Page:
Local Public Transportation Projects Receive $97 Million

Santa Monica's Big Blue Bus is among the recipients of recently announced awards from the LCTOP: The agency will receive $433,364 to improve service on lines 15, 16, and 17. Image: Wikimedia
Santa Monica's Big Blue Bus is among the recipients of recently announced awards from the LCTOP: The agency will receive $433,364 to improve service on lines 15, 16, and 17. Image: Wikimedia

California’s Low Carbon Transit Operations Program just announced grants to 152 local transportation projects throughout the state. The awards include programs to provide free and reduced fares, expand transit service, purchase zero-emission buses, and improve bus stops.

The Low Carbon Transit Program is one of several programs aimed at helping reduce greenhouse gas emissions. It provides money for both operations and capital programs to help transit agencies improve services and options for getting around. These relatively small projects—a list can be found here—can help encourage people to take transit, as well as make it an even cleaner alternative to other modes.

One of the program’s priorities is to serve communities that have suffered from a lack of investment in the past. More than 130 of these projects claim to benefit disadvantaged communities in some way, either by serving or being located in one.

The size of these awards is pretty small compared to the amounts currently going out to highway projects around the state. And this list highlights the piecemeal way California approaches transit—as an add-on that exists to meet a few travel needs rather than as an integral part of the state’s transportation system that almost everyone can access and count on.

It’s only a start.

A few examples of the awards:

  • $33,038 for reduced fares for “targeted populations” using Yosemite Area Regional Transportation for access to sites such as Yosemite National Park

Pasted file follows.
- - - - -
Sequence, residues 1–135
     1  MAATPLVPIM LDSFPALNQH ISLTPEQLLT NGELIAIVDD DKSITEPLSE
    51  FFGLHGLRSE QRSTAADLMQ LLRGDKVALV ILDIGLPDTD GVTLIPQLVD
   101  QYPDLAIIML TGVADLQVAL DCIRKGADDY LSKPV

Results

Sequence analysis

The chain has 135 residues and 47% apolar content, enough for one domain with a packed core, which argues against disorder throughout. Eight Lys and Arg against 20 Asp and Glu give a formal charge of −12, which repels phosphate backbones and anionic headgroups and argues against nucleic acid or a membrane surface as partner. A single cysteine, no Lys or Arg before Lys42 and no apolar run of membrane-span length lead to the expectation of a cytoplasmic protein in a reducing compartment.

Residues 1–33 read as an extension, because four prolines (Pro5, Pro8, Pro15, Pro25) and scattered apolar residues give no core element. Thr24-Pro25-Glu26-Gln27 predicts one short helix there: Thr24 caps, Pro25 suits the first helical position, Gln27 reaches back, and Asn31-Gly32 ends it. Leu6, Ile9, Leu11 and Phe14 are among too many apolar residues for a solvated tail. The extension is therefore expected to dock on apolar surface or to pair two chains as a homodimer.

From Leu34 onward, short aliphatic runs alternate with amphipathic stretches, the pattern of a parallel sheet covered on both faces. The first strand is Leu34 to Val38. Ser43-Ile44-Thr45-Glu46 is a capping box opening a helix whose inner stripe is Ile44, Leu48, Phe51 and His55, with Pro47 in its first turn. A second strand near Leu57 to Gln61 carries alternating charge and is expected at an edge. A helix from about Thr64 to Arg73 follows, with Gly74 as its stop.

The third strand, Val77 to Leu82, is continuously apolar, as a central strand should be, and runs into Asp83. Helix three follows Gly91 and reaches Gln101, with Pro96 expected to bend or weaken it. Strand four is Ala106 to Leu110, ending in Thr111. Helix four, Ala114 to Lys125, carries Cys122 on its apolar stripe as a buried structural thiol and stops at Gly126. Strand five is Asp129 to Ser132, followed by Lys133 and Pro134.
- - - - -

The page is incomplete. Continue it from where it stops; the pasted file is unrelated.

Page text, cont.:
• $696,048 for Sunline Transit Agency to offer free transit for college students in the Coachella Valley
  • $2 million for the Southern California Regional Rail Authority (Metrolink) to offer free tickets to “targeted populations” including youth and seniors
  • $350,000 to Fresno Department of Transportation to expand weekday night service and increase frequency on weekends
  • $294,816 for a new commuter bus between Chico and Sacramento
  • $433,364 for Santa Monica’s Big Blue Bus to improve service on several routes connecting to the Expo Light Rail
  • $3.9 million to the Santa Clara Valley Transit Authority to buy zero-emission battery electric buses and build charging infrastructure
  • $95,635 for the Madera County Transportation Commission to install bus shelters within the City of Madera, the County of Madera, and the City of Chowchilla
  • $173,830 to the City of Torrance to install solar lighting at bus stops in targeted communities
  • $138,222 to offer discounted Amtrak tickets between Ventura and Santa Barbara


Screen Shot 2022-06-01 at 5.19.16 PM

California’s Gann Limit Hamstrings Needed Transit Investments

Since January, TransForm has been working with transit riders and advocacy groups across the state to meet with legislators and the governor’s office to express the urgent need for transit operations funding. Operations dollars support transit service, as well as operator salaries and fare reduction programs — the elements of frequent, reliable, and affordable transit. […]

Brown’s Budget Proposal Weak on Sustainable Transportation

Governor Jerry Brown announced his proposed state budget for 2016-17 in Sacramento yesterday. His transportation funding proposals include a few new ideas, but the budget represents precious little change to the status quo. The budget does not reflect any profound rethinking of how we fund transportation, a disappointment for those hoping for change after the recent climate change […]